Once there were grand plans for Highgate station. Once it was intended to be a spectacular multi-storey interchange, with entrances on three different levels and platforms above and below ground, all housed within a shimmering giant of a building designed by Charles Holden. Once this was to be the hub of the Northern Heights. Once this was to have been very special indeed:
The desperate poignancy of this location is compounded by the sight and sound of people flocking into that bit of the Highgate interchange that did get finished: the deep-level Underground platforms, from where travellers today have a choice of two, but only two, destinations: north to East Finchley or south to Archway.
Once you could catch a train from this place to five other destinations. Now, if you want a connection to Cranley Gardens, or Muswell Hill, or Alexandra Palace, or Crouch End, or Stroud Green, you must look elsewhere. The nerves and sinews of the railway network at Highgate have snapped and decayed; the infrastructure is still, wistfully, maddeningly, intact:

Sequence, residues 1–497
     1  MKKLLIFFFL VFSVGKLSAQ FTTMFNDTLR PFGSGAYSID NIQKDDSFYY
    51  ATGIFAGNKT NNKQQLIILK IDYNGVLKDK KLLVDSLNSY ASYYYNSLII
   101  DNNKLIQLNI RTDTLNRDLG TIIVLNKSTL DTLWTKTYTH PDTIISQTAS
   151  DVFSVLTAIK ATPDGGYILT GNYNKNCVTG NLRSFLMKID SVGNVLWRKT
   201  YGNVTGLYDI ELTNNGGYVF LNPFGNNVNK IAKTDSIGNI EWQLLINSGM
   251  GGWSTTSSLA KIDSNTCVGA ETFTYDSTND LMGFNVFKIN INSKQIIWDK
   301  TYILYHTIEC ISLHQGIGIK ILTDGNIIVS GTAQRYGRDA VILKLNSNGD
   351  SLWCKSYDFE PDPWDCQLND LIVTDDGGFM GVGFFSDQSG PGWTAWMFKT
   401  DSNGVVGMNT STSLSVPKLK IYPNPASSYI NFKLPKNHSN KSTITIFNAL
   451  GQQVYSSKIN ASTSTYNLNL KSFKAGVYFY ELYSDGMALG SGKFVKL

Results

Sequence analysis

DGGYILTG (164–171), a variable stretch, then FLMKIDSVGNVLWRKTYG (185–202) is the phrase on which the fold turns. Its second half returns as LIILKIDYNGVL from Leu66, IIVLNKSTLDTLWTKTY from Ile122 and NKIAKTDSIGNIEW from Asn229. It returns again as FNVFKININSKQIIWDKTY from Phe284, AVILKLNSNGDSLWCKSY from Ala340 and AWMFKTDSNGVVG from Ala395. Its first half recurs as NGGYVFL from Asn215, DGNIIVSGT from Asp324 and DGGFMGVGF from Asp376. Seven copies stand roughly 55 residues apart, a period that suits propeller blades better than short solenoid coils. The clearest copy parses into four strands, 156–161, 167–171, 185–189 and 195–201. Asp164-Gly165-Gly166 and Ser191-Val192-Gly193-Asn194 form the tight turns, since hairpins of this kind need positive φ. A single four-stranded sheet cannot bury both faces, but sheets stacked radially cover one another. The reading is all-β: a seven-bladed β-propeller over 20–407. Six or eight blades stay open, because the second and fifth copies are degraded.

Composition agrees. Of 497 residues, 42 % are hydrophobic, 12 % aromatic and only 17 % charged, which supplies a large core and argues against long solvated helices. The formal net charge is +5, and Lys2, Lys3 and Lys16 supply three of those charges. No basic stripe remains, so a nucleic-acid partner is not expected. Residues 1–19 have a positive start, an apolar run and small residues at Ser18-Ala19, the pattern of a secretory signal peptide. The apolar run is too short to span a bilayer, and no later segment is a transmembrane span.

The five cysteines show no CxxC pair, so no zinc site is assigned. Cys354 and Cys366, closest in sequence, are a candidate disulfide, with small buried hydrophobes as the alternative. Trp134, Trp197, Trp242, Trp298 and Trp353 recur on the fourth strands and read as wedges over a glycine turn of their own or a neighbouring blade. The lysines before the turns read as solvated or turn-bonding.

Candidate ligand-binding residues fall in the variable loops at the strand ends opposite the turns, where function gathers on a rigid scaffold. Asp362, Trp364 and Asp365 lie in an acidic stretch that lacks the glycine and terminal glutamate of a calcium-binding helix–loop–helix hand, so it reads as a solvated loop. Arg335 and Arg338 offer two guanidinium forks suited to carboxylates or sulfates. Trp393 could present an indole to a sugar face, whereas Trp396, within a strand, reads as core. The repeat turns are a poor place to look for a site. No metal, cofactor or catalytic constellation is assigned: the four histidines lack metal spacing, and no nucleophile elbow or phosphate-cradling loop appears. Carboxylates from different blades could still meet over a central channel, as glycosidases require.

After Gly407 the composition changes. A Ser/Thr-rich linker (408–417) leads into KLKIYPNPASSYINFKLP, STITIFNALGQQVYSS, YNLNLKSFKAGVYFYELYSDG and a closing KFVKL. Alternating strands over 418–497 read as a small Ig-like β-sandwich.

Trains first came through here in 1867. The Underground arrived in 1939. But so did the second world war, along with matters more pressing than the realisation of a triple-decked suburban transport interchange.
What we’re left with today is the top and bottom layers of that triple-decked sandwich, but no middle. There is a gaping hole. You enter or exit Highgate station above the disused platforms, then – via steps (down) or escalator (up) – pass directly over and around them to get to or from the deep-level Underground.
But you can see them – quite well, as it happens, though you can’t get quite near enough to enjoy a clear view.
And there is one unexpected treat. The former entrance to the station, along with the cottage once belonging to the stationmaster, is beautifully maintained and tended: